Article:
How responsible are medical schemes’ funding models for next year?
‘Once in a century’ event is not over yet, analyst warns health funders
Tuesday, 5 October 2021, All bets are off when it comes to predicting health costs in unprecedented times. Overly optimistic projections for the future of the pandemic and pricing models that medical scheme members will ultimately pay for, one way or another, could place the health funding industry in jeopardy, expert panellists warned at the Agility Quarterly Health Review discussion on Monday.
“There is not a health system in the world that is not taking strain with medical costs increasing above inflation,” Stephan Strydom, healthcare analytics specialist and co-founder of Mast Analytics, said at the Agility Quarterly Health Review on Monday.
Buti Sigasa, managing director of financial advisory consultancy SIGC, points out that, by law, medical schemes operate as non-profit mutual assurance associations, and have a responsibility to remain sustainable to protect the interests of their members.
“Some schemes are deferring increases to next year, and what will be the cost? For low- to middle-income earners, co-payments are a frustration that this key segment will not tolerate. In the years ahead, this will require a larger subsidy increase from employers to keep pace when it catches up.”
The Agility Health Quarterly Reviews are a series of quarterly events that aim to stimulate conversations amongst key industry stakeholders to enhance and promote relevant health objectives while encouraging active participation in the South African healthcare sector’s narrative.
“It’s not business as normal, and it would be naïve to presume that the factors influencing health behaviour and costs will neatly balance the books with no increase at this stage – no matter how much we all hope this will be the case,” says Bianca Viljoen director of product development at Agility Health, medical scheme administrator and managed care provider.
“In the majority of countries, the state funded the cost of the pandemic, but in South Africa a large proportion was funded by the medical schemes, and this speaks to the value embedded in the industry for our country, and the importance of ensuring it remains sustainable and competitive.”
The health funding industry Regulator warned in the Council for Medical Schemes’ Circular 52 of 2021 last week against the continuous underpricing of benefits. The acting general manager of the Regulator’s financial supervision unit also reiterated to medical schemes that all benefit options must be self-supporting in terms of their financial performance.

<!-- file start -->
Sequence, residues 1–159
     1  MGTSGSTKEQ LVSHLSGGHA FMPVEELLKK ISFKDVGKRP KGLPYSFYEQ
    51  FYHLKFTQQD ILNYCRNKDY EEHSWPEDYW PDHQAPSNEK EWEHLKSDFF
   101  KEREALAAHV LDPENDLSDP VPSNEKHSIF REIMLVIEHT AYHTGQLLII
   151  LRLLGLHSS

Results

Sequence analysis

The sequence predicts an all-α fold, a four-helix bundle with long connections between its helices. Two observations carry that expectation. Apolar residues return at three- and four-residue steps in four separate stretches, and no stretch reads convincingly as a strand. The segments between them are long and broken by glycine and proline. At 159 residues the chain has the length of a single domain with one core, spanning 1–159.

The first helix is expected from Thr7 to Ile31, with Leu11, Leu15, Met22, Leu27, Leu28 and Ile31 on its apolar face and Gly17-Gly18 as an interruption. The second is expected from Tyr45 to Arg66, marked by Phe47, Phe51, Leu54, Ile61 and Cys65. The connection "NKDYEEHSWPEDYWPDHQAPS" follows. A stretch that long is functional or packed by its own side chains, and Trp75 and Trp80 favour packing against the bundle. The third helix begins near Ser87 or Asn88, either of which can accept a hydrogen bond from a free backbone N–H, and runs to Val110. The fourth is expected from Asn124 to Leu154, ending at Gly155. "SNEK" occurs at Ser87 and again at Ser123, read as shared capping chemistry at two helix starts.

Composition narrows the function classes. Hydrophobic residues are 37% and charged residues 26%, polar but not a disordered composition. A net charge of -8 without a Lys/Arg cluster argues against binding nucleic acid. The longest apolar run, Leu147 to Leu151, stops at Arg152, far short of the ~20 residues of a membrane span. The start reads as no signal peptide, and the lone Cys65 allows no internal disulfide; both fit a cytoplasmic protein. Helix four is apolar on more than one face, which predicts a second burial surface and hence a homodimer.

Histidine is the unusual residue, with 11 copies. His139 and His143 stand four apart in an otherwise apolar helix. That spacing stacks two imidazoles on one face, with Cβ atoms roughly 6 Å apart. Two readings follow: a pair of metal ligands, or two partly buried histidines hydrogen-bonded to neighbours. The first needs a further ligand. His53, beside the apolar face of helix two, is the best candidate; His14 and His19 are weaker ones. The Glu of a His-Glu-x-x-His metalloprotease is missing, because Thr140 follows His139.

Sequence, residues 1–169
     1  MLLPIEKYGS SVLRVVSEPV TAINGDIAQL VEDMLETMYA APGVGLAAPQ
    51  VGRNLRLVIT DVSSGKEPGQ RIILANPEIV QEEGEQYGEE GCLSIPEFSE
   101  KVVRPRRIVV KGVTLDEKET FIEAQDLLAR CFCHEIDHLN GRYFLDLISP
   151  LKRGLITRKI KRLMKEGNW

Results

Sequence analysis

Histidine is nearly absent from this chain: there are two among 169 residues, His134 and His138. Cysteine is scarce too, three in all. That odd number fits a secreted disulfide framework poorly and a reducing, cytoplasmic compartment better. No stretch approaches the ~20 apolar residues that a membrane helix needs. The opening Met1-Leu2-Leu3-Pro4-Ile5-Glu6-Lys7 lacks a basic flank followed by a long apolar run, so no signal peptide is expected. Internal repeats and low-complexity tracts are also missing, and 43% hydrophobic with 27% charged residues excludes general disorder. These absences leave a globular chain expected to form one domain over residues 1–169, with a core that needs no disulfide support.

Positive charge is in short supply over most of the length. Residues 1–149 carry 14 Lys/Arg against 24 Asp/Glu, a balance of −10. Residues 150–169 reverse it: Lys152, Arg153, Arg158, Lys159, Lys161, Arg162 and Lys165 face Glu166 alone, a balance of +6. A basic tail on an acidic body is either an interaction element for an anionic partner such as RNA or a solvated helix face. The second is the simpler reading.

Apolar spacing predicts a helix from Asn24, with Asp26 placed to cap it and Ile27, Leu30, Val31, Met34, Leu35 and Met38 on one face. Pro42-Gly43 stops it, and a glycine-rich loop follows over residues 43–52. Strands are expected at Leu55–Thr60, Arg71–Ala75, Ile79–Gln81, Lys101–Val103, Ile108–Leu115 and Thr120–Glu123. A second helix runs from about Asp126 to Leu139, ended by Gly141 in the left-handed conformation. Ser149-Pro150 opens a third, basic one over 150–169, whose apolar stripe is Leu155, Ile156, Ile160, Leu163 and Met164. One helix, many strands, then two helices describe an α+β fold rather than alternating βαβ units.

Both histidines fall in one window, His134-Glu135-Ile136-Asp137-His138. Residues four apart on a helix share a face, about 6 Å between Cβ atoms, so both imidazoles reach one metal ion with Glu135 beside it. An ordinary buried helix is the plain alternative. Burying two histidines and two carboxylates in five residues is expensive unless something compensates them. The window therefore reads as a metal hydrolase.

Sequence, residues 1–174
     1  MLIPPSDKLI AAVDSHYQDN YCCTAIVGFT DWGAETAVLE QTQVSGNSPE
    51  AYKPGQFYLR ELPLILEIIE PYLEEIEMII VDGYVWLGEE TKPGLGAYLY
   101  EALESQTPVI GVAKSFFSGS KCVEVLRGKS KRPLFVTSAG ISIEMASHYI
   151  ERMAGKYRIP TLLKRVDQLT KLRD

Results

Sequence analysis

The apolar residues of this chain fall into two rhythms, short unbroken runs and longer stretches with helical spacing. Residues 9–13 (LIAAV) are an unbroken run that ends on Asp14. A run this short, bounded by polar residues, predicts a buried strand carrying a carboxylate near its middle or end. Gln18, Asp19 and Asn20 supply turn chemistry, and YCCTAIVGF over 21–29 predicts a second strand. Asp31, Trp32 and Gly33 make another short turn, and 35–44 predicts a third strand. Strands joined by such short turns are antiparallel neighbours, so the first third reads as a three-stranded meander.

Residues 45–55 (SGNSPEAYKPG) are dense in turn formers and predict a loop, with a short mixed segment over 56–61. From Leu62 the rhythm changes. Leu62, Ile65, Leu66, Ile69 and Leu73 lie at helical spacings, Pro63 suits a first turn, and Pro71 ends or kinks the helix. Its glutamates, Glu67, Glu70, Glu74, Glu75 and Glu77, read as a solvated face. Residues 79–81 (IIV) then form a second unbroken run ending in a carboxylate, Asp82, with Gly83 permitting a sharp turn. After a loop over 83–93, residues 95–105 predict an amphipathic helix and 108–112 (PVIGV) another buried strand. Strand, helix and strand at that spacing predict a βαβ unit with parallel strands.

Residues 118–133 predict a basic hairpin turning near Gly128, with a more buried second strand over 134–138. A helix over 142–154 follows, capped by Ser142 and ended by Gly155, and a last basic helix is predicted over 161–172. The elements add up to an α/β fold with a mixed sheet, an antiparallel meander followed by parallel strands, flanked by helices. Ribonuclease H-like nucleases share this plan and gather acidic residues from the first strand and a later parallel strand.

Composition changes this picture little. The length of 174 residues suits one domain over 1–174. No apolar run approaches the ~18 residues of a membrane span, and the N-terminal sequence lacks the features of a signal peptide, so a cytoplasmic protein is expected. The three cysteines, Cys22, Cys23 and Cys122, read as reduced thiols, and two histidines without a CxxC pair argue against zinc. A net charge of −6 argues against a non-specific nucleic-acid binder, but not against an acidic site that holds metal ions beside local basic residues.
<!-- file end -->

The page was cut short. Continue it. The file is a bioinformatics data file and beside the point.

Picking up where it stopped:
“It is concerning to see an industry trend where schemes are disregarding this word of caution, as there is a danger that some schemes have underestimated next year’s health needs only to radically increase contributions for their members the following year. Of even greater concern is that in a stagnant market, competition between schemes to attract members based on contribution increase freezes is likely to be at the expense of member value,” comments Viljoen.
“In the uncertainty of a pandemic, health cover can only be considered worthwhile where the combination of benefits more than answers to members’ health and wellbeing needs to deliver better outcomes, while maintaining secure sustainability,” Viljoen adds.
“What the market values in terms of benefits has changed considerably over the past few years. Benefit design is multifaceted and, as well as ensuring solid COVID-19 related benefits, the pandemic has brought other health needs to the fore, including the importance of supporting members’ mental health.”
“Every medical scheme has had to formulate some view of what will happen with Covid-19 next year, including the timing of it and the rate of vaccination, to determine benefit design and pricing for the year ahead. Healthcare utilisation is increasing, including for a backlog of non-Covid-19 related procedures, and who knows what the next wave is going to look like,” Strydom says.
“The regulations set solvency requirements at a 25% reserve ratio to ensure medical schemes would be ready for a possible outbreak and the Covid-19 pandemic is the event schemes were preparing for. A revision to 15% would unlock benefits for members and improve growth,” Sigasa observed.
“This is a once in a century event, and there is too much money held up in reserves. A risk-based capital approach could be helpful in setting reserves based on assessments of the inherent risk of each individual scheme,” Strydom said.
“When the Delta variant entered the equation, the third wave was more devastating than expected even though healthcare expenditure outstripped the first two waves by almost double, with considerable variance in provincial risk exposure for schemes,” Viljoen says.
“In South Africa, we are nowhere near the vaccination rate required for reaching population immunity, and other health issues have not gone away – even if the claims aren’t being seen yet. Long awaited elective procedures, such as hip and knee replacements, and health costs associated with the complications of poorly controlled chronic health conditions, will pick up again and could exceed pre-pandemic levels.
“With the heavy regulatory cost drivers in place currently, the industry needs to be responsible in how it attracts members. Solid value and benefits where they are most relevant should be the focus, rather than short-sighted under-pricing that will ultimately be at members’ expense even if – and it is a big IF – Covid-19 is brought under control next year. Let’s not forget that many hoped the same for 2021, and we are not out of the woods yet,” Viljoen concludes.